When it comes to shopping for a solid spinning reel that you can use and rely on without having to spend a significant amount of money, there are a few main factors that you should pay attention to in order to ensure that you’re getting a decent product and the right fishing gear for the job.
Ball Bearing Systems
As we’ve already noted, the ball bearing system is one of the most important—and misunderstood elements of a spinning reel than anything else. In most cases, novice and beginner anglers will see a higher number of ball bearings and likely assume that the more bearings a reel has, the better it will perform.
This is not always true as the quality and precision with which the ball bearings are made play a much larger role in the overall performance of a spinning reel as it relates to casting and retrieving.
Spool Size and Line Capacity
Anglers must understand what each type of spinning reel is capable of delivering in terms of performance. In order to have a more firm grasp on this, it’s key to have a working knowledge of the spool size and line capacity that a particular spinning reel offers. Most spinning reels come in three or four main sizes that vary in their overall line capacity.
Most brands will offer an estimate as to how much line a reel is capable of holding depending on the specific type of fishing line being used, as well as the pound test rating of the line. As you might already be aware, a spool will be able to hold much more line if you happen to spool it with a lighter pound test line than if you opt for using a heavier rated line.
Some reel models will also be able to allow anglers to tie braided line directly to the spool, or will typically note whether a ‘backing’ line is needed to first be spooled on.
It’s usually a good idea to select a reel that can hold at least 150 to 200 yards of line for bass fishing.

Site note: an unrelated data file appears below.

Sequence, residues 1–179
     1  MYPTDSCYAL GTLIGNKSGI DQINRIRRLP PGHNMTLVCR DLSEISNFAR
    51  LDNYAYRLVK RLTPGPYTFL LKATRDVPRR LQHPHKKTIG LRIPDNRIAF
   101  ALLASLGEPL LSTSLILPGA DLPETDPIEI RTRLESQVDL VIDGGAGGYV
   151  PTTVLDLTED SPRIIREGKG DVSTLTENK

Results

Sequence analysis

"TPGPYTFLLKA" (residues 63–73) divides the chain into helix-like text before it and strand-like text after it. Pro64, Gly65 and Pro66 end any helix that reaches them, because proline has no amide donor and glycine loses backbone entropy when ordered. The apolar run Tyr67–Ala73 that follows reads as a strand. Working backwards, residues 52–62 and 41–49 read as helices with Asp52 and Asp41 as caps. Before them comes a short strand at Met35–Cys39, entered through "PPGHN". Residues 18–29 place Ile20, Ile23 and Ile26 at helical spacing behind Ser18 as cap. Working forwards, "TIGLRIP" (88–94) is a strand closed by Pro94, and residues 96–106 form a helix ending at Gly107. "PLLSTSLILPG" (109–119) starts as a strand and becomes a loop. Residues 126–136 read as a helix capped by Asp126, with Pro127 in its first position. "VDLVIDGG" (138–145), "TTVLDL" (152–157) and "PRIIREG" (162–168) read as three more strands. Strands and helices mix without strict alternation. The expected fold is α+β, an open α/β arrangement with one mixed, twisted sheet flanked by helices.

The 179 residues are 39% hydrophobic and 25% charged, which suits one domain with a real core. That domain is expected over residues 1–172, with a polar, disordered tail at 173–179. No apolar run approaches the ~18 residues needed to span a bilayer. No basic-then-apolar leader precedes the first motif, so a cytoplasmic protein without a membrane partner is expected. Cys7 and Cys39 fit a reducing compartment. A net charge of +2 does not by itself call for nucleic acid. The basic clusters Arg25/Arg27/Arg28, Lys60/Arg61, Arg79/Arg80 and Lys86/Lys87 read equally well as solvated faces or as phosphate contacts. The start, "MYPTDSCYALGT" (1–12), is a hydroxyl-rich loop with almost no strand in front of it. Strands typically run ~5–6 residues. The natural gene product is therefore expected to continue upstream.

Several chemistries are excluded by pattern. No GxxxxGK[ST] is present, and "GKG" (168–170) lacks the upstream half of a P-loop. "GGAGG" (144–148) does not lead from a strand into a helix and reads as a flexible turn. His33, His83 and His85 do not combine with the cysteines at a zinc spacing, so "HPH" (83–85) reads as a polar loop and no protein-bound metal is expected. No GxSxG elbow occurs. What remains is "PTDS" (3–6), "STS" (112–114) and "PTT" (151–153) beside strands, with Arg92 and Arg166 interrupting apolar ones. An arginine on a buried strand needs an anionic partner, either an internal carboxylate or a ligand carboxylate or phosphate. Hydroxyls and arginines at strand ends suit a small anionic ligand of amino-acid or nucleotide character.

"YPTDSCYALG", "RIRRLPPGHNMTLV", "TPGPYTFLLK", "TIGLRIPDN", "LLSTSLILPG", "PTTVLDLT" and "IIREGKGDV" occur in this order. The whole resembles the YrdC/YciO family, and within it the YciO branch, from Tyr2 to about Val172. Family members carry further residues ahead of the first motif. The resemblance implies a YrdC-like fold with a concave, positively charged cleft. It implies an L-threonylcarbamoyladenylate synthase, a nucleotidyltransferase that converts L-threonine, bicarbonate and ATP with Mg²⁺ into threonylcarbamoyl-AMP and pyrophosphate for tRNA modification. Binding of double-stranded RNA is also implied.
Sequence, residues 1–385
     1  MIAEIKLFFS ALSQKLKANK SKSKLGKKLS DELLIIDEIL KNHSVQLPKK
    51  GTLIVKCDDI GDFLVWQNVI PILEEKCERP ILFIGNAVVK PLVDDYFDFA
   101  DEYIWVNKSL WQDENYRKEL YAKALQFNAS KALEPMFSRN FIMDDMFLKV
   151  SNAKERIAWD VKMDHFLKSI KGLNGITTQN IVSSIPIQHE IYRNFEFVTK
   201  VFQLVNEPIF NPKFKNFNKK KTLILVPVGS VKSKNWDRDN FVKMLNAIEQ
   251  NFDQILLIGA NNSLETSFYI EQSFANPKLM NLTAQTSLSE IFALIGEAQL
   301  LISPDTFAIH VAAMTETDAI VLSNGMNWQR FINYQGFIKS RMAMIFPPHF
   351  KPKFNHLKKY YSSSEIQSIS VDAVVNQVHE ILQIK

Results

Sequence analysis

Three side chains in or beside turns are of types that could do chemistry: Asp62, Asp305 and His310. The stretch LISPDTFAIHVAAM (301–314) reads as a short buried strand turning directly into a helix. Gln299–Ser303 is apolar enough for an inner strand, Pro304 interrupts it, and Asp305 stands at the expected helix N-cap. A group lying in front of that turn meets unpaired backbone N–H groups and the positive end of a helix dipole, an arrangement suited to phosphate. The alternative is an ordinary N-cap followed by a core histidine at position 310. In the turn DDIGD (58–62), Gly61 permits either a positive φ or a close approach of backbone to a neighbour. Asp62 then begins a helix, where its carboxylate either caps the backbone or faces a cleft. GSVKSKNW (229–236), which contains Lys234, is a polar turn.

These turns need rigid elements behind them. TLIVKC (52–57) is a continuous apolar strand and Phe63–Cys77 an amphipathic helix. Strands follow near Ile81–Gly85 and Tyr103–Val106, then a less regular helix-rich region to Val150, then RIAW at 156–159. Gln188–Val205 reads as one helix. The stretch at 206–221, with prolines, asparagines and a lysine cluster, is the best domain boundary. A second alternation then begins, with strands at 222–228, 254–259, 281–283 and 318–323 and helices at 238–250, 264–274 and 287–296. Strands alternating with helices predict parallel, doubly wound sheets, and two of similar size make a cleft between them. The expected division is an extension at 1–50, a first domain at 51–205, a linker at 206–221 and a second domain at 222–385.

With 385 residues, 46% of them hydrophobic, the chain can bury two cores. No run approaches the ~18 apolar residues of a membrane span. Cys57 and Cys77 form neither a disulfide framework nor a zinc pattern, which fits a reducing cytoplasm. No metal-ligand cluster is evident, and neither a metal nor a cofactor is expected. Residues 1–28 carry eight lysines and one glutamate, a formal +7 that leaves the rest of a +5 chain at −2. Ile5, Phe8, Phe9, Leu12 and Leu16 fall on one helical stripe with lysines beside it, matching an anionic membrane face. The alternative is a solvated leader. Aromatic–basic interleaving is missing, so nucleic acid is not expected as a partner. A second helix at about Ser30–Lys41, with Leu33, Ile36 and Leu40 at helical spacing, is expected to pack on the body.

The drag system is easily one of the most important parts of any fishing reel as it will likely be the make-or-break factor that determines whether it can stack up against the kind of fish you’re after. Make sure the reel offers a quality front drag, as well as rear drag.
Too often, anglers select a fishing reel that might be more in line with their budget, but is also one that might have a less powerful drag system that simply won’t hold up against a hard-pulling fish when the time comes.
The drag system is really something that anglers need to pay close attention to if they intend to purchase a larger spinning reel that will be used to catch the bigger saltwater species of game fish that are notorious for burning up a drag and even stripping one out on occasion.
Be sure to look for a drag that is able to give a bit and allow your hook to be pulled when a fish strikes your bait.
Adjustability of the Drag
Another very important characteristic you need to have in your spinning reel is the ability to adjust the drag to a setting that will be more suitable depending on the size and power level that you’re expecting to get from the fish you’re after.
If your drag is too tight, you’re likely to have a fish break the line
or strip the drag system out and damage the reel’s internal components beyond repair. A drag that’s too light will cause you to lose any fight you have with a fish as your line will simply continue being pulled out without leaving you the chance to wind it back and gain some ground on your catch.
It’s very important to make sure the spinning reel you’re looking at purchasing will allow you to adjust the drag either before you cast, or even on the fly while you’re in the middle of a fight with a fish. Being able to adjust your drag as you’re fighting the fish is crucial as you’ll be able to have a better gauge of the power level of the fish and can adjust your drag accordingly.